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Interview on Music Publishing Podcast

Before the Memorial Day holiday, I had the pleasure of being interviewed by my friend and colleague, the composer Dennis Tobenski. Our 90-minute talk, which was posted last week, covered a variety of topics applicable to composers, songwriters and other creators, including copyright principles, fair use, the role of PROs and estate considerations for artists.

Here’s how Dennis summarized our discussion:

In our conversation, we talked about:

  • basic tenets of copyright
  • the limits of what is copyrightable
  • the Poor Man’s Copyright
  • the benefits of and incentives to registering your copyrights
  • fighting infringements
  • folio registrations
  • working with living poets vs. dead poets’ estates
  • Performing Rights Organizations
    • selecting
    • collecting performance royalties
    • what PROs don’t do
  • estate planning for artists
  • international copyright issues
  • why you should get permission <strong>before</strong> setting a text
  • First Sale Doctrine
  • licensing vs. selling
  • copying licenses
  • Fair Use
    • Fair Use is not a right; it is a defense against an infringement accusation*
    • the four factors of fair use
    • transformative use vs. derivative works
    • the false “rules of thumb” of fair use

And here’s the link to our talk:

 

The Biggest Mistake Composers Make About The Music Business

I hear it all the time.  Composers think that if they just sign up with a performing rights organization (PRO) like ASCAP or BMI that’s all they need to do to protect themselves.

Don’t get me wrong – every composer should belong to a PRO. But there are at least seven ways a composer can make money from the use of his music and the PROs only handle one.

Most composers are never taught anything about the music business. They’ll sign up with a publisher and leave everything to them. But it’s harder than ever to get a publishing deal and publishers typically want to own the copyrights to your music and take 50% of the royalty income – and a lot more for sheet music. So either by choice or necessity, most composers are self-published. But do you really know what’s involved in being self-published?

There’s much more to it – and more money to be made – than just selling downloads and collecting PRO royalties.

Here’s how composers make money from their compositions:

Licensing of Non-Dramatic Public Performing Rights: Your PRO licenses performances of your works in live venues, in radio and TV broadcasts and over the internet. And your PRO will pay you directly. However, this is the only income stream your PRO represents. They don’t handle any of the others!

Licensing Works in Audio-Only Sound Recordings: Record labels get a mechanical license when a composition is recorded and distributed in LPs, CDs MP3s and other audio-only formats, whether in physical copies or in downloads.  Once a work has been commercially recorded, anyone can “cover” the work, provided the label pays applicable mechanical royalty, either directly to a musical publisher or through a mechanical rights clearing house, such as The Harry Fox Agency, Inc.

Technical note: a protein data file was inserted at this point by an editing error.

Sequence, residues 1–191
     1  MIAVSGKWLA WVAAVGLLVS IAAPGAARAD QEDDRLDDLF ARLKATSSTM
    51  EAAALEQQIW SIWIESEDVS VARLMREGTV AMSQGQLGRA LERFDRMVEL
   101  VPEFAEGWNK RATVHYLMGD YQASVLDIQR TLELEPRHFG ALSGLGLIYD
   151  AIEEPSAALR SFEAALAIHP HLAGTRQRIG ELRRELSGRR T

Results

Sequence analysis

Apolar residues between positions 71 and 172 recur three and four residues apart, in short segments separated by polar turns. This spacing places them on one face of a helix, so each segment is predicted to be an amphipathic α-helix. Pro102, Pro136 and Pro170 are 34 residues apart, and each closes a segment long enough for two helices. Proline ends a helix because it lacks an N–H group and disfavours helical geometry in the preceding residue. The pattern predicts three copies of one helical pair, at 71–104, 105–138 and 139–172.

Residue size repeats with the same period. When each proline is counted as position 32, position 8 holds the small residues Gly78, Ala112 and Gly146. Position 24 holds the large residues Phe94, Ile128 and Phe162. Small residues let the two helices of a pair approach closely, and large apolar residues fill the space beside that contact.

Licensing Music in Audiovisual Works:  When someone wants to use a composition in an audiovisual work, as in films TV shows and video games, they need to get a “synchronization” or “synch” license.  There is no set rate for synch licenses and fees vary greatly from a few hundred to hundreds of thousands of dollars depending upon the value of the work, the nature of the project (blockbuster movie or student film), the usage (title credits or underscore), the territory (worldwide, US only) and the duration of the license (perpetuity or one year).  If someone wants to use pre-recorded music in a project, they need two licenses: the “synch” license for the use of the underlying musical work and a “master use” license from the owner of the particular recording of the work, usually a record label.

Sales of Printed Materials for Smaller Works:  Smaller works, like SATB chorals, chamber ensembles (like string quartets), solo piano pieces and even jazz and wind ensemble works are usually sold, not rented. They may be sold directly to the public online in PDFs or in printed editions through distributors such as Hal Leonard and Alfred Music.

Rental of Performance Materials: Because they are both voluminous and expensive to produce, performance materials for larger-scale pieces such as works for full orchestra, operas and musicals are typically handled on a rental basis. That means the rental agent rents out the score and parts for a fee to the performing organization or presenter who then sends them back.  Rental fees are based upon a variety of factors, including the duration and instrumentation of the work and the level of the performing group and may run several hundred dollars per performance.